The other night I was laying in bed about to go to sleep when I looked up and saw this photo hanging on my wall. This photo may not look like much to you, but to me, it’s pretty significant.
When I was in high school I often floated from activity to activity, friend group to friend group, not paying much mind to what was “cool” or who I “should” talk to. I just followed my heart and tried my best in whatever it was that I took on. Freshman year of high school I started out on the cheerleading squad ..wasn’t for me. The following year, I knew that I wanted to continue with some type of sport to keep myself busy, but mostly because I wanted more to put on my college applications.
Not being particularly skilled or athletic, I chose to join the cross-country team. It was one of the few walk on sports. Running.. anyone can do that, right? Little did I know what this sport entailed.
The first day of practice was ROUGH. I can remember being sent on a one mile warm up with the team. One mile?! I couldn’t even run one block without stopping. I remember gasping for air, feeling my lunch jiggling around in my stomach, and feeling like my legs were going to collapse. No fun. I finished out that season as a mediocre runner but nonetheless, I finished. I actually continued on to run both winter and spring track as well. Something about the atmosphere on the team just kept me going.
As summer rolled around, my coach was thinking ahead towards the cross country season in the fall. He knew the importance of training over the summer and challenged our team to run 500 miles between the end of June and September when cross country practice would start. 500 miles!! Together with a few other teammates, we took on the challenge.
Every day I ran, anywhere from 3 to 14 miles. I remember a handful of days where there was absolutely nothing I wanted to do less than run. There were days when the sun was so strong and the humidity was so high that I had to wake up at 6am to get my runs in. As a 16 year old girl on summer vacation, I can tell you that this was not easy. But, I did it anyway. The camaraderie of my teammates who were aiming for 500 got me through on many days.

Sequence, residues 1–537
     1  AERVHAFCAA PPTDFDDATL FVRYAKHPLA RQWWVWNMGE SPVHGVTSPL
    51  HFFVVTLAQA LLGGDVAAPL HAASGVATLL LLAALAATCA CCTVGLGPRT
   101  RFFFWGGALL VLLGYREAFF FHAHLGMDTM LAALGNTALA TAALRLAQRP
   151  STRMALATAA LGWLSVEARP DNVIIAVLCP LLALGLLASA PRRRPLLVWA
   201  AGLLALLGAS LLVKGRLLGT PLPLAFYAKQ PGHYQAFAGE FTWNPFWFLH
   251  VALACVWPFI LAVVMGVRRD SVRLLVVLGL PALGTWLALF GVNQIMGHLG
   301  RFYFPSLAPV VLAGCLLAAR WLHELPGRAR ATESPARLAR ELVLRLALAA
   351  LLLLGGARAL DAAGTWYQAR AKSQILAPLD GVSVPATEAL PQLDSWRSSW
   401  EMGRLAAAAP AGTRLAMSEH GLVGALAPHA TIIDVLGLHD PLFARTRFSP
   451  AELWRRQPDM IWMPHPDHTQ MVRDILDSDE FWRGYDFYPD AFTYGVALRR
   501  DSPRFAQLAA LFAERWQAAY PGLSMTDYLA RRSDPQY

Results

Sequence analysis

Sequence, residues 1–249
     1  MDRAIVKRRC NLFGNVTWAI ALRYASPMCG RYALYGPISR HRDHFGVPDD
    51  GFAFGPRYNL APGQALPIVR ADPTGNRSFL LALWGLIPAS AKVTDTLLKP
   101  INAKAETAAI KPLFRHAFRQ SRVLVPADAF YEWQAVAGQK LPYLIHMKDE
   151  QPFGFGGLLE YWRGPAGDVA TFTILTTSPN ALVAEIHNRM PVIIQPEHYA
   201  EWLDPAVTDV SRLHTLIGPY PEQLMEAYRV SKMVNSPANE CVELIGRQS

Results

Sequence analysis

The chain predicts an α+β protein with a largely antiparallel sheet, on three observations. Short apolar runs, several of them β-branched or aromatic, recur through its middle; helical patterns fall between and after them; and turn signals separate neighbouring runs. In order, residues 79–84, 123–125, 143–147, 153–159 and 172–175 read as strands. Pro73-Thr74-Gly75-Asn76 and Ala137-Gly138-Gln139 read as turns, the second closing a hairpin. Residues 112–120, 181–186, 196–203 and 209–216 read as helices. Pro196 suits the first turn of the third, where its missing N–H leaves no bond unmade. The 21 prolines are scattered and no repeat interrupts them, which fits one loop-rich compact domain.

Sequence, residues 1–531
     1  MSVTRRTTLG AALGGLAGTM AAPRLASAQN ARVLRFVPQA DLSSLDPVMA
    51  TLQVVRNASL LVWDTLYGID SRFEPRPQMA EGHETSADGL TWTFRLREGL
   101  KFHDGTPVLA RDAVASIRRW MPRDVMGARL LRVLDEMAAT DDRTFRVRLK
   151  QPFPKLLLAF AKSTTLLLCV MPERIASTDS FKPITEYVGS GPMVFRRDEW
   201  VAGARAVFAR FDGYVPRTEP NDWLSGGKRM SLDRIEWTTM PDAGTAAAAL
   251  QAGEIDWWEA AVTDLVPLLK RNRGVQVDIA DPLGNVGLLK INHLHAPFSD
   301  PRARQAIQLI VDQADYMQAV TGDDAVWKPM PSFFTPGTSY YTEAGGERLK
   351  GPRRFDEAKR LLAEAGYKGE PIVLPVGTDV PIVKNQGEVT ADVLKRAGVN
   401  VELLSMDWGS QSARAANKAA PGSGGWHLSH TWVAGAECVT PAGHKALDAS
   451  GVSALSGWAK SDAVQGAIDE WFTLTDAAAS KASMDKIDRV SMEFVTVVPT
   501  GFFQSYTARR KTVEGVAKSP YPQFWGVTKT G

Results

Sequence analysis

By the end of that summer I had completed the 500 miles. I had created close friendships with people I hadn’t known very well before hand. I learned what it meant to be dedicated, to persevere and to push through something no matter how challenging it may be in the moment. I learned what it means to be resilient. I went from dry heaving while running one mile to being varsity co-Captain of the team and running in the county meet.
This photo was captured at that county meet. One of the things I value so much about my coach is his ability to make you feel important, to make you feel inspired and to make you feel like who you are in this world, makes a big difference. In this photo, my coach was telling me how powerful I was, how strong I was, and how proud he was. I went on to run my personal best in this race.
The most important thing I took from my experience running cross country is this:
I can do absolutely anything I set my mind to.
When I think back to this experience now, I recognize it as a pivotal point in my life. The connection I felt to the community of that team and those coaches was above anything else I’ve experienced. I pushed my body physically and mentally everyday and saw the benefit of hard work. I listened to stories from my coach that inspired me to do more, and be better every day, especially when no one else was looking. I think of the 9 mile tempo runs I thought I would never survive, but did.
When I think back to this experience now, it gives me confidence and reassurance that no matter how big or scary something may seem, if it is something I truly want, I can do it.
I can do absolutely anything I set my mind to ..and so can you.